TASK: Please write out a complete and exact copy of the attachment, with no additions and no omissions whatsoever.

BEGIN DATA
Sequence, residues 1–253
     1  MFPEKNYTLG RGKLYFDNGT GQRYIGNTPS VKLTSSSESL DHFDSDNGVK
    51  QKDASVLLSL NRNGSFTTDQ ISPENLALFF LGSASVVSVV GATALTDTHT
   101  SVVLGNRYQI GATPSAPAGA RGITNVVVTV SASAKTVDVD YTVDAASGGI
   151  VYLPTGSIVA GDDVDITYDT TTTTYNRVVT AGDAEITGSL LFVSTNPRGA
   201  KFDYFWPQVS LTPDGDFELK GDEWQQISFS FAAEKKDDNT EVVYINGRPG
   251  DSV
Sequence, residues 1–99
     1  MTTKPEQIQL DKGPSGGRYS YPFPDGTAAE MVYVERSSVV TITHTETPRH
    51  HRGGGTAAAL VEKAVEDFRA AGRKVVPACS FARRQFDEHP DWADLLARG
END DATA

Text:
Sequence, residues 1–253
     1  MFPEKNYTLG RGKLYFDNGT GQRYIGNTPS VKLTSSSESL DHFDSDNGVK
    51  QKDASVLLSL NRNGSFTTDQ ISPENLALFF LGSASVVSVV GATALTDTHT
   101  SVVLGNRYQI GATPSAPAGA RGITNVVVTV SASAKTVDVD YTVDAASGGI
   151  VYLPTGSIVA GDDVDITYDT TTTTYNRVVT AGDAEITGSL LFVSTNPRGA
   201  KFDYFWPQVS LTPDGDFELK GDEWQQISFS FAAEKKDDNT EVVYINGRPG
   251  DSV
Sequence, residues 1–99
     1  MTTKPEQIQL DKGPSGGRYS YPFPDGTAAE MVYVERSSVV TITHTETPRH
    51  HRGGGTAAAL VEKAVEDFRA AGRKVVPACS FARRQFDEHP DWADLLARG